This index is of individuals who fought on the colonial side during the New Zealand Wars and applied for the New Zealand Medal for their service. The New Zealand Medal was given to British and colonial forces (including militiamen and volunteers) for campaign service in the New Zealand Wars for the years 1845-48, and 1860-66. The medal itself was established in 1869. To receive the award, colonial militia members had to prove that they had been under fire.
The details included in the transcripts include the following:
New Zealand war medal roll
Roll or list date
Roll or list
Roll or list description
These names were compiled from the Papers Relative to the Issue of the New Zealand War Medal. In the original publication, the names were divided into three parts:
Names of applicants who received the medal for services rendered before 31 December 1866
Names of applicants entitled to receive the medal for services rendered after 31 December 1866
Names of deceased officers and men entitled to the medal and whose relatives have received in their place
The New Zealand Wars, once referred to as the Māori Wars, centered on contested land purchases by the colonial government and consisted of several conflicts between the colonial government and the Māori from 1845 to 1872. Believing that the Māori resistance had unified to block future land acquisition by the colonial government and contest the legitimacy of Crown sovereignty, the colonial government responded by bringing in thousands of troops to combat the Māori King Movement (Kīngitanga). By the 1860s, the conflict between the colonial forces and the Māori forces reached its peak, with the largest campaign, the Waikato invasion, taking place from 1863 to 1864.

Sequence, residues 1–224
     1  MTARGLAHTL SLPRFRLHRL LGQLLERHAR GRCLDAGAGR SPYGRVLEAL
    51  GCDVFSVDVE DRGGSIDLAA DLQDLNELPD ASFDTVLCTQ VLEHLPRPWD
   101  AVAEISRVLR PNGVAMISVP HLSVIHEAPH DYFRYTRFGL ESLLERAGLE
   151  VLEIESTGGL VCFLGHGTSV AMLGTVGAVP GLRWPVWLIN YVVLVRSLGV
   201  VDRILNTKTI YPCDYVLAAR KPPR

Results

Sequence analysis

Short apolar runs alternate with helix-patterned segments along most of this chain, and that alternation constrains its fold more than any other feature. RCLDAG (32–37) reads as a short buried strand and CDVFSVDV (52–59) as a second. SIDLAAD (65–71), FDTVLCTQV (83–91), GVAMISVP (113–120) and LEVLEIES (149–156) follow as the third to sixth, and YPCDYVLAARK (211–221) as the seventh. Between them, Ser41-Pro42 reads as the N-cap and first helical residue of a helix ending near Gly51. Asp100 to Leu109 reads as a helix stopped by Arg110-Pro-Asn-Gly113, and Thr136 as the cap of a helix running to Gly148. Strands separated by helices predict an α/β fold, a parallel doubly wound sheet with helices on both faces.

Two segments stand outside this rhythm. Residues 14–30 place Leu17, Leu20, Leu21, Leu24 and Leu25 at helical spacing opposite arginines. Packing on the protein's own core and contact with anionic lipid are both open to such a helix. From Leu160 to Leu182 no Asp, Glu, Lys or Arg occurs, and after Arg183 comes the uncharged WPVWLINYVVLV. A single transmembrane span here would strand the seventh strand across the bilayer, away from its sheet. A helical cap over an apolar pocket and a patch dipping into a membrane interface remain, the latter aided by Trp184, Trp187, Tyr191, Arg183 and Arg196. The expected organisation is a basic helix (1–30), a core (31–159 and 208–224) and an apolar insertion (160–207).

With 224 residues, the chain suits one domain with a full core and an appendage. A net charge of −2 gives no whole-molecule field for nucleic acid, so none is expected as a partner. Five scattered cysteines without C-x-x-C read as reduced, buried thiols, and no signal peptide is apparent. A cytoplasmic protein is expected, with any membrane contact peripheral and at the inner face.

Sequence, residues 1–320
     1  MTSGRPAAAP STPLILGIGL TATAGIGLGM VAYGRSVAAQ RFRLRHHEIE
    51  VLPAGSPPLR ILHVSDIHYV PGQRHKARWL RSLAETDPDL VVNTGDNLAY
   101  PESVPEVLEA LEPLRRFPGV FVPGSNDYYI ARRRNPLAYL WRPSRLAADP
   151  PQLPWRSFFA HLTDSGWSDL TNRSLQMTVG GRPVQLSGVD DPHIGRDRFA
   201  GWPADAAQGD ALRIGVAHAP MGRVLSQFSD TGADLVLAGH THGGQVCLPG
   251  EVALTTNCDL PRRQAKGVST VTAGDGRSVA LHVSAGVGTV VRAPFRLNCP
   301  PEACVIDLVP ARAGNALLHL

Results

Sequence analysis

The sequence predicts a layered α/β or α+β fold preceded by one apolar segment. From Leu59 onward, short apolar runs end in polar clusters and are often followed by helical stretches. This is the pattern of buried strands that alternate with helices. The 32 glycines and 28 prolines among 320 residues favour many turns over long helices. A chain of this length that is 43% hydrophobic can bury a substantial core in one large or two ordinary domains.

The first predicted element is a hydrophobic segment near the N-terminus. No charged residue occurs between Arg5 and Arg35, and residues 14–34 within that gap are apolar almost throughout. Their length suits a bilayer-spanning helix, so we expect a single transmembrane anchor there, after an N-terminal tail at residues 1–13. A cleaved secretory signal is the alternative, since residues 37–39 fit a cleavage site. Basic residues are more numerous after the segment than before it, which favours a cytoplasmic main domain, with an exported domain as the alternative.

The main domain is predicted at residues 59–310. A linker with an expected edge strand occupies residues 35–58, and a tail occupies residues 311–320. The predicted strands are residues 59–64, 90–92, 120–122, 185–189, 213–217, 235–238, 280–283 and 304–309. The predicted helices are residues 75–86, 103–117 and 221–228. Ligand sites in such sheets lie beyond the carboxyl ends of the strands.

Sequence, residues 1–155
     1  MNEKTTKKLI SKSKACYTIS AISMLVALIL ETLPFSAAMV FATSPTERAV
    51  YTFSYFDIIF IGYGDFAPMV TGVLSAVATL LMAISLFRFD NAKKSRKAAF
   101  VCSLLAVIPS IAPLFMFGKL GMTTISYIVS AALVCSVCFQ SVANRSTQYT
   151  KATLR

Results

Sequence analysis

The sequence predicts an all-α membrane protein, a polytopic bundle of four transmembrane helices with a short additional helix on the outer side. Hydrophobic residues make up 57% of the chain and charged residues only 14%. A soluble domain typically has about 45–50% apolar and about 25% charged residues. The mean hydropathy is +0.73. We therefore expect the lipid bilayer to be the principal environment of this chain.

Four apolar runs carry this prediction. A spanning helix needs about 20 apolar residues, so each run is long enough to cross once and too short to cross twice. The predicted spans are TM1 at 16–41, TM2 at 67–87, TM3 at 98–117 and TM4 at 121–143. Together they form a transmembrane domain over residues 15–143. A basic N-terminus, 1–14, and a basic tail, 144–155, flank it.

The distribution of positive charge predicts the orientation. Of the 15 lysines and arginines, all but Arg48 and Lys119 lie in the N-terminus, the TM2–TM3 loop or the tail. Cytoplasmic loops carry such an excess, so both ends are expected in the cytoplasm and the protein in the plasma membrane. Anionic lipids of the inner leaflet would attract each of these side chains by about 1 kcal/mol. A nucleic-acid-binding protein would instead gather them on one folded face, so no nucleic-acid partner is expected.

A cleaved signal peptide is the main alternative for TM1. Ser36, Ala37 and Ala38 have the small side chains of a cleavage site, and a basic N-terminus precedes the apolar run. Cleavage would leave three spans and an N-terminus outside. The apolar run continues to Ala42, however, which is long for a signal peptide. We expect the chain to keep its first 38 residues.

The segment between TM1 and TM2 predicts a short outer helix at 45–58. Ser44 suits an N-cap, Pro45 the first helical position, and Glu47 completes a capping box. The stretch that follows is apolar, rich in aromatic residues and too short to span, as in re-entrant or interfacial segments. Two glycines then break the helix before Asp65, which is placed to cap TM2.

The colonial forces – including 18,000 British troops, artillery, cavalry, and local militia forces – vastly outnumbered that of the Māori. The Māori side comprised only 4,000 warriors. Despite the disparity in numbers and resources, the Māori were able to combat the colonial forces using anti-artillery bunkers, fortified villages, and guerilla-type warfare. Despite these efforts, the Māori side is estimated to have lost in excess of 2,100 lives during the wars.
The New Zealand Wars resulted in more land confiscation by the government, supposedly as a consequence of rebellion. While some of the land was subsequently paid for or returned, it was rarely returned to the original owners, and the confiscations had a lasting and detrimental impact on the growth and prosperity of those affected tribes.